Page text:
March 7 2011: A row of mature trees has been chopped down, and what’s left of the Front Street median is being demolished and removed to facilitate construction below the road of a new Union Station subway platform
This photo, from the Waterfront Toronto website, shows the narrow platform and dingy interior of the existing Union Station subway stop
From the City of Toronto website, this artistic rendering suggests how the Union Station subway stop will look following construction of an additional platform
Another artistic illustration, from the Waterfront Toronto website, shows how the wider, new Union Station subway platform might look when work ends in 2012
Tree totallers: Work has finally begun on the Union Station Second Subway Platform and Concourse Improvements Project, but the early stages of construction are actually taking place above ground, on Front Street, where medians between Yonge and York Streets are being demolished and dug up. The long-awaited $90 million subway station expansion project is good news for the thousands of commuters and subway riders who pass through the extremely congested and ratty-looking TTC station each day — but bad news for dozens of decades-old trees facing the axe on Front Street to facilitate construction beneath the road. The trees eventually will be replaced, but most likely with the pathetically thin and weak saplings that the City typically plants on downtown streets — scrawny, sorry twigs that look doomed to struggle and then die within a year or two of planting.
The subway station improvement project has been in the works for more than 10 years, and commuters will be relieved to see the construction finally get going. The TTC undertook a feasibility study for the subway station expansion way back in 1999, and held an open house in June 2003 to present its plans to the public. “Union Station is the busiest passenger transportation facility in Canada, serving approximately 250,000 passengers each day,” the TTC website notes. Many of those passengers use the Union subway station, so overcrowding is common and traffic flow is terrible. But by doubling the size of the subway platform, the TTC will be able to move people through the station more quickly and more safely, while enabling the station to handle future passenger loads that are expected to increase tremendously, says a City of Toronto website page describing the subway project.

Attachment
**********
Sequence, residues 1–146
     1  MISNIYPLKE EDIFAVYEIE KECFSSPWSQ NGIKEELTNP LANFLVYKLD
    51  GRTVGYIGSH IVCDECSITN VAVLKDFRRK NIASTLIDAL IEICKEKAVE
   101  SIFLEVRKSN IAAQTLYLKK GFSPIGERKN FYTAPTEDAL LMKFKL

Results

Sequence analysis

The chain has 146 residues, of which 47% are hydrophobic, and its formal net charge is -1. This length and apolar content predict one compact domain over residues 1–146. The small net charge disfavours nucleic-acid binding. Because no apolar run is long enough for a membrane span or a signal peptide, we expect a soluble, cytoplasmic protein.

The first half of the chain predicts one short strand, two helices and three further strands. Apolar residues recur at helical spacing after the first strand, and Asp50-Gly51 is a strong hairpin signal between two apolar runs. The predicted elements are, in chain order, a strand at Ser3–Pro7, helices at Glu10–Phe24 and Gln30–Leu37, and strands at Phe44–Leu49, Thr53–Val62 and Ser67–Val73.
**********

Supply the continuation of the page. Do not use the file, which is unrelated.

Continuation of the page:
At present, one uncomfortably narrow center platform serves trains heading east on the Yonge subway line, as well as trains going west on the University-Spadina line. Once construction is complete, there will be wider, separate platforms for each direction. A new pedestrian corridor will allow people heading to the GO trains at Union Station to bypass the paid-entry area of the subway station, while connections to the Harbourfront Light Rapid Transit (LRT) system will be improved. The renovations also will provide full accessibility to all levels of the Union subway station, better traffic flow on the concourse level, and better access to the TTC fare lines.
The expansion couldn’t happen soon enough. As the Financial District’s most important and most popular subway station, Union has always been bustling with commuters heading to and from the surrounding office towers. Crowds travelling to sports, entertainment and convention events at the Air Canada Centre, Metro Toronto Convention Centre and the Rogers Centre have made it even busier, while the condo and office building boom in the former railway lands area to the southwest have increased the traffic strain. With additional condo and office developments currently under construction, and even more buildings on the horizon for the East Bayfront and port lands areas, the subway station urgently required expansion just to handle the crush of additional passengers expected to use the LRT line, which itself is going to be extended.